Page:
What attracted you to the horse racing industry?
I was your typical horse-crazy little girl. We didn’t have a Thoroughbred track close to us, so I started by watching Standardbred Racing. I grew up in southern Maryland, where Rosecroft Raceway is located. My dad used to take me to the harness races. However, I got really annoyed because in Standardbred racing they don’t run. When they break pace, they have to go to the back until they regain their stride. So, I thought, ”This is fun, but why don’t you just let them run as fast as they can?”
Now that I live more north, I’m about seven miles from Laurel Park, and it’s very nice. I can go there a lot to see the Thoroughbred races.
I started out in the Thoroughbred Racing industry working as a groom and hot walker for Phil, Dale, and Gary Capuano for a while at the Bowie Training Center. Then I went to the University of Maryland for their Equine Business Management Program. I was sent down to Kentucky for six months to complete my internship at Pin Oak Stud, a beautiful brood mare farm owned by Josephine Abercrombie. They currently stand two stallions, Broken Vow and Alternation. I was there when Alternation foaled, and I was his groom when he was a baby.
I’m not working in the industry anymore, but I’m still really involved in it as much as I can be. Though my profession is real estate, I try to stay involved and support the industry through my co-owner partnerships and going to various tracks. I was able to attend Preakness, Breeder’s Cup, and Pegasus World Cup for a Stronach track trifecta recently.
I also support various Thoroughbred aftercare endeavors such as Thoroughbred Placement Resources (TPR), Retired Racehorse Project (RRP), Rerun, and One Last Race. Additionally, I enjoy taking pictures at the races and sharing them with other fans and the horses’ connections where possible. I also enjoy going to Thoroughbred sales and attending various racing seminars.
What aspect of horse racing do you enjoy the most?
The coolest thing has been the various co-owner partnerships that I have become a part of over the past two years. It’s a totally different experience being at a track and cheering for your horse versus cheering for one you don’t own. I’ve always had favorites that I’d like to see win, but it’s different when it’s yours.
Just being at the racetrack with the animals is also really great. You’re dealing with living, breathing, temperamental, emotional animals that sometimes do what you want them to do and sometimes they don’t.
What issues in the industry would you like to see addressed?
I definitely think that we need to have a more universal governing body. I know people don’t really like being told what to do, but the rules differ so much from track to track.
I also think we need a more universal medication policy and stricter enforcement of it to clean up our image in front of those outside of the industry. A lot of people have this perception that we’re drugging and beating the horses to make them run, and that’s not happening in most cases.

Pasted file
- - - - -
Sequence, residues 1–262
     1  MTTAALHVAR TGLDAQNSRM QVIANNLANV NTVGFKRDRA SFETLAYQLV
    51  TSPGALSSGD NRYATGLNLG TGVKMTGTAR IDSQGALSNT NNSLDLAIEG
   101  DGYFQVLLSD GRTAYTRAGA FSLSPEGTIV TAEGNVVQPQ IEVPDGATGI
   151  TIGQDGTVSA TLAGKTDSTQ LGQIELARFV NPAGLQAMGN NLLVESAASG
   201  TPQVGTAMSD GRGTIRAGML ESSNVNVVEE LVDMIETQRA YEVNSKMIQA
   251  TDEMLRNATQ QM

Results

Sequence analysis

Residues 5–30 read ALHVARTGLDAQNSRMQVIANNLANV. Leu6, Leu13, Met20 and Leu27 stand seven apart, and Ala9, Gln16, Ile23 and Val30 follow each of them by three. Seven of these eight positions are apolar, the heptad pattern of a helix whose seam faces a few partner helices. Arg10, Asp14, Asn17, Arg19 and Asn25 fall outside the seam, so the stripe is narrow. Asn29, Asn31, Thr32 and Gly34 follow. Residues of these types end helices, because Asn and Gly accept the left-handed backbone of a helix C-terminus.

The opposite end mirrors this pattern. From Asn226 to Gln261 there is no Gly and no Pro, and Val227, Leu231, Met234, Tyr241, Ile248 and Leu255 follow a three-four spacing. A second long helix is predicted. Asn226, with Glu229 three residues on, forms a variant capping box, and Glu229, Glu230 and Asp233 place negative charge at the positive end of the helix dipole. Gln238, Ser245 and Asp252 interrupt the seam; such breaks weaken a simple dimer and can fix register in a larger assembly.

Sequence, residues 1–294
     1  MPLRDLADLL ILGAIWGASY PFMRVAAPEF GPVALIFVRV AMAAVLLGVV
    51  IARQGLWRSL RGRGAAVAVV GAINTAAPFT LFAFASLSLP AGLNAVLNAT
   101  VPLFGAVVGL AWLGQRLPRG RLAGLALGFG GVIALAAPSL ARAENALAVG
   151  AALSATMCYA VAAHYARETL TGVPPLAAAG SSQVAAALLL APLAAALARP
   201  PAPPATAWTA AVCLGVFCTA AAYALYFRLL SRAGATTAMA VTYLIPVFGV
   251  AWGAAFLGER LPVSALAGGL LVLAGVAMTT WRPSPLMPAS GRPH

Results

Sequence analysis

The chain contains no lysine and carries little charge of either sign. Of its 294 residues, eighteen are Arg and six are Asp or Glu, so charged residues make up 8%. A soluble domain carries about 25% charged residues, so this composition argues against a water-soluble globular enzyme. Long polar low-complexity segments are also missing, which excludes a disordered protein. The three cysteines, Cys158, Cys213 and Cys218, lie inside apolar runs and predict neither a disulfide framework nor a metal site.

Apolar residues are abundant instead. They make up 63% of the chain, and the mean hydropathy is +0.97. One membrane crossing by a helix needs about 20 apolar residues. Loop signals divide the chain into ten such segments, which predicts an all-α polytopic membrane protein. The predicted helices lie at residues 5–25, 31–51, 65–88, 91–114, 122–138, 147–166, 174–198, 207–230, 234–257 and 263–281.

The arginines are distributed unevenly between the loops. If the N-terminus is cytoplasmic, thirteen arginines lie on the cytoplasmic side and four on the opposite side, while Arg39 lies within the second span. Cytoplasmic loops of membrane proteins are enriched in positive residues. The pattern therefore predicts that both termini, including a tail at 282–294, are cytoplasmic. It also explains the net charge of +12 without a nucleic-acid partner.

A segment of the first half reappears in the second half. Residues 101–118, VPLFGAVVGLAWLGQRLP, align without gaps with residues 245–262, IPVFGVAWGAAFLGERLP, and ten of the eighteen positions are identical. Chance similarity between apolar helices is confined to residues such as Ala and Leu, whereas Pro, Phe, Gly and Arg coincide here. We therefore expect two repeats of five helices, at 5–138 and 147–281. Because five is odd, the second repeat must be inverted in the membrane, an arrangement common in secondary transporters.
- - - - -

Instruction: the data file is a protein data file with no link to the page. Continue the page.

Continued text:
We’ve done a good job with aftercare. We’re starting to really stand up for the horses once they’re done racing. I try to support efforts such as the Retired Racehorse Project, which has really made a difference. In the past five years, there has been a huge difference in Thoroughbred aftercare.
This is the first year that it’s mandatory to microchip all registered foals, which allows the horses to be tracked throughout their racing careers. In 2016, the microchipping process for registered foals was rolled out, but it wasn’t required at that time. This process will result in better tracking than lip tattoos. You can’t read a lip tattoo a week after they’re applied. They’re on the inside of the horse’s lip and the animal may not want to be touched.
It would be nice if auction houses were required to scan for microchips and the horses’ identifying information could go into a database online where people could set up an alert. In this way, anyone interested would get emailed when a horse shows up for auction.
I think tracking will help considerably. There’s always a groom, hot walker, trainer, breeder, or somebody else that handled a horse that would want the animal. They just don’t know if the horse is in trouble.
Why did you join the Wasabi Ventures Co-Owner Club?
The coolest thing about the club is that there are no unexpected expenses for the co-owners. I know exactly what I’m spending on the horses, unlike other co-owner partnerships. For instance, I don’t get a big vet bill because one of my horses hurt itself in the stall or needs acupuncture.
There’s a lot more involved in taking care of a racehorse than there is in taking care of, for example, a horse standing in a field. At the racetrack, the horses are given various supplements and treatments to try to keep them at optimal health. As a horse owner, you never know what’s going to be on a vet bill. It’s a little unnerving. You can’t get involved in too many horses because you must keep in mind those months when you’re going to get hit with insurance, a big trailer fee, or a costly medical bill. It’s so unpredictable.
I can join seven horses with Wasabi Ventures Co-Owner Club and know exactly what it’s going to cost me. And it’s never going to cost me anything else.
Who is your favorite horse?
My all-time favorite would be Secretariat. He won the Triple Crown the year I was born, so I never got to see him race in person, but he’s always been fascinating to me.
I like a lot of local horses, too. It’s really cool to have horses like Ben’s Cat in Maryland. He’s a big deal here. He’s just this hard-knocking gelding who just ran a bunch of times and is really consistent. There are quite a few horses like that in Maryland, who show up year after year and get quite a following.